The words antique and vintage get tossed around pretty freely wherever old curios are sold. A quick check through Ebay, local stores, and garage sales in your neighborhood will no doubt turn up a random assemblage of items with either descriptor.
It's easy to get confused since there's no legal definition for either term. As a rule, collectors call things antique when they're 100 or more years old, while vintage typically means 20-100 years. These examples should give you a clearer view of the difference between vintage and antique items.
Old books are fun to look for in dusty old shops. Most of them aren't worth much, but here and there you'll find a real gem. If you find an original folio of The Adventures of Peregrine Pickle, you might have something worth owning.
Most books have a publishing date on or near the title page, which gives you a clue as to whether you're looking at a vintage book or an antique. As a rule, anything printed before 1900 can be described as an antique book, while later editions are generally vintage.
Vinyl records are almost all vintage. They replaced the even older aluminum discs from the 1930s onward. Even the Edison & Co. wax seals only really go back as far as the late 19th century. Look for rarity here, since many of these records were pressed by the millions.
Incidentally, the top-selling vinyl record of all time was Thriller, by Michael Jackson. That actually makes it less valuable as a collectible because so many of them were produced.
Old-timey people wore high collars, and they often closed those collars with large pins called brooches. Very old brooches were made from silver, while pieces from the late 19th century were more often made from pinchbeck or pewter.
Many had portraits screened onto them, or ivory silhouettes of the owner's loved ones, called cameos. Brooches went out of fashion around the 1920s, which makes the ones you find mostly antiques.
You're obviously not going to find an antique video game system from the 1800s in a curio shop. Some of the earliest video games were developed for use with ancient cathode-ray TVs as early as the 1950s, though, with the new invention getting popular in the late 1960s and early '70s.
It's probably safe to call anything pre-PS3 a vintage game system, especially if it's a Sega Genesis or NES.
Art Deco was the hot design trend of the industrial 20th century, and Art Nouveau was its successor. These are not objects per se, but styles you can find on almost anything people were using back then. Art, architecture, advertising posters, ashtrays, cigarette lighters, furniture, and Tiffany-style lampshades all have a claim to being one of these two styles.
They were wildly popular on everything between about 1918 and 1940, so call them both vintage and hang a stylized poster of a steam locomotive on your kitchen wall at home.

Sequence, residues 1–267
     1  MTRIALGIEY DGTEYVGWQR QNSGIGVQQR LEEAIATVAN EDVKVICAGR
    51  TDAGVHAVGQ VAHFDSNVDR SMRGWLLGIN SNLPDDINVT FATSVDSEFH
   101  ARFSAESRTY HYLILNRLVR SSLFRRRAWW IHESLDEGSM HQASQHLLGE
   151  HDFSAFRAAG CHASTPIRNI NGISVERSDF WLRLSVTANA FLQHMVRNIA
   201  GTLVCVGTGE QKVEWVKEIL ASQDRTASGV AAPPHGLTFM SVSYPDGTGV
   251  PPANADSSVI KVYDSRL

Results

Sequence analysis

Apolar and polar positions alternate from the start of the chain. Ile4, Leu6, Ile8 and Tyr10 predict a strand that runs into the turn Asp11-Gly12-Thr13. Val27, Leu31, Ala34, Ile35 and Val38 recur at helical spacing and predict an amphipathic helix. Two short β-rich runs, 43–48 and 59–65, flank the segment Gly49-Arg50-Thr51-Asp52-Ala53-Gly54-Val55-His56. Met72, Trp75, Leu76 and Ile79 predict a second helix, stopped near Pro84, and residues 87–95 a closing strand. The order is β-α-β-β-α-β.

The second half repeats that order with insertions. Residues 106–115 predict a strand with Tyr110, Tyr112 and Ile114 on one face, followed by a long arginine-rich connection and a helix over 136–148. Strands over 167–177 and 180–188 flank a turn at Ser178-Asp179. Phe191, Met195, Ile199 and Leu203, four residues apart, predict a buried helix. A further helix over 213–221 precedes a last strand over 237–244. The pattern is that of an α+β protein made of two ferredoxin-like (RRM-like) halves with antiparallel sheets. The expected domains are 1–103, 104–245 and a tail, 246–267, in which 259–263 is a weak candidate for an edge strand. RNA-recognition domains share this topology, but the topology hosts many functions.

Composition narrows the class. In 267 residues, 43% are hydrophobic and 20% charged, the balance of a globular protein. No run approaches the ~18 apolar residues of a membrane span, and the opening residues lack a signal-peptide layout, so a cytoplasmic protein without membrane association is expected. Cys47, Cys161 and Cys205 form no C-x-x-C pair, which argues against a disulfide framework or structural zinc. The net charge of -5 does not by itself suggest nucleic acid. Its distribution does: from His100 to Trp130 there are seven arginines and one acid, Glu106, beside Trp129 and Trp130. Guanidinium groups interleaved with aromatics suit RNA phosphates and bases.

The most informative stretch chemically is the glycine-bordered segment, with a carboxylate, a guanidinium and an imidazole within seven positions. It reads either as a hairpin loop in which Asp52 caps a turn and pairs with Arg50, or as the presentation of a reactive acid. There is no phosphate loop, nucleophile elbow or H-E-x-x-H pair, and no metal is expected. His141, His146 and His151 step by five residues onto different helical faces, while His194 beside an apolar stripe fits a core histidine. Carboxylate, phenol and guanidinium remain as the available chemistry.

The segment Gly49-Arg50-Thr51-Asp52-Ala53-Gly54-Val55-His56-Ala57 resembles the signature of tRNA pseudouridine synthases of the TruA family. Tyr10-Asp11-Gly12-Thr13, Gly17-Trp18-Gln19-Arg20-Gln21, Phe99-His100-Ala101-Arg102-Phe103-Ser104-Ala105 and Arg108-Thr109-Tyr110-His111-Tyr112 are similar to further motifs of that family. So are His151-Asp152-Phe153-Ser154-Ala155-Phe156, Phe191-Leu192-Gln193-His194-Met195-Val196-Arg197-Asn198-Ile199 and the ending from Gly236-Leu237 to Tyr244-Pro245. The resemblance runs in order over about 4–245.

Depression glass is one of those incredibly valuable collectible items only a niche market knows or cares about. These very high-quality sets of glassware were made, primarily in Italy, during the 1930s or so, ie: the Great Depression.
A single butter dish might fetch $500 (or $5, depending on the pattern), and a complete set of highly collectible vintage glass can go at auction for thousands of dollars. It's all vintage, but the world's surviving sets will be antique by 2040.
The history of fashion is largely the history of human culture. If you know what you're looking for, you can place a suit of clothes at a glance, probably to within the decade. Vintage clothes start ariybd the mid-90s with heat-sensitive tie-dye T-shirts, and roll back through parachute pants, power suits, bell bottoms, flannel suits with skinny ties, and jazz-era zoot suits.
Further back, you're looking at antique Norfolk jackets, dresses with leg-o-mutton sleeves, and knickerbockers for the boys.
Modern tools are generally amazing, so there's not much call for ordinary tools from 20+ years ago. Vintage power tools you pick up from 2000 back to around 1950 are probably not very collectible, and it's a toss-up whether they actually function.
Hand tools are a different story. Vintage hand tools are priced for their rarity and condition, though if you're buying hand planes, you're best off carrying a reference book and really knowing your stuff. In the 1890s, the Stanley company tried using its steel rolling process to make tools for every industry, often duplicating antique wooden hand tools. This is one area where the border between vintage and antique gets pushed back a bit. It's all antique if it's old and not made from Stanley steel.
Mid-century design has made a comeback, so you might actually be better off investing in vintage furniture than antique, these days. This is especially true for sofas, which, prior to 1900, were an eye-twisting mess of paisley, velvet, and mahogany virtually nobody is buying today.
Stick with something the Ricardos would have sat on in I Love Lucy, and you'll be golden.
Bikes are still around, of course, and many of today's brands— such as Schwinn and Huffy—have a lineage stretching back into vintage territory. The first chain-driven bikes date back to the 1870s, when the penny-farthings were the craze, but if you find a wooden bicycle it might be a French antique from as far back as the 1790s.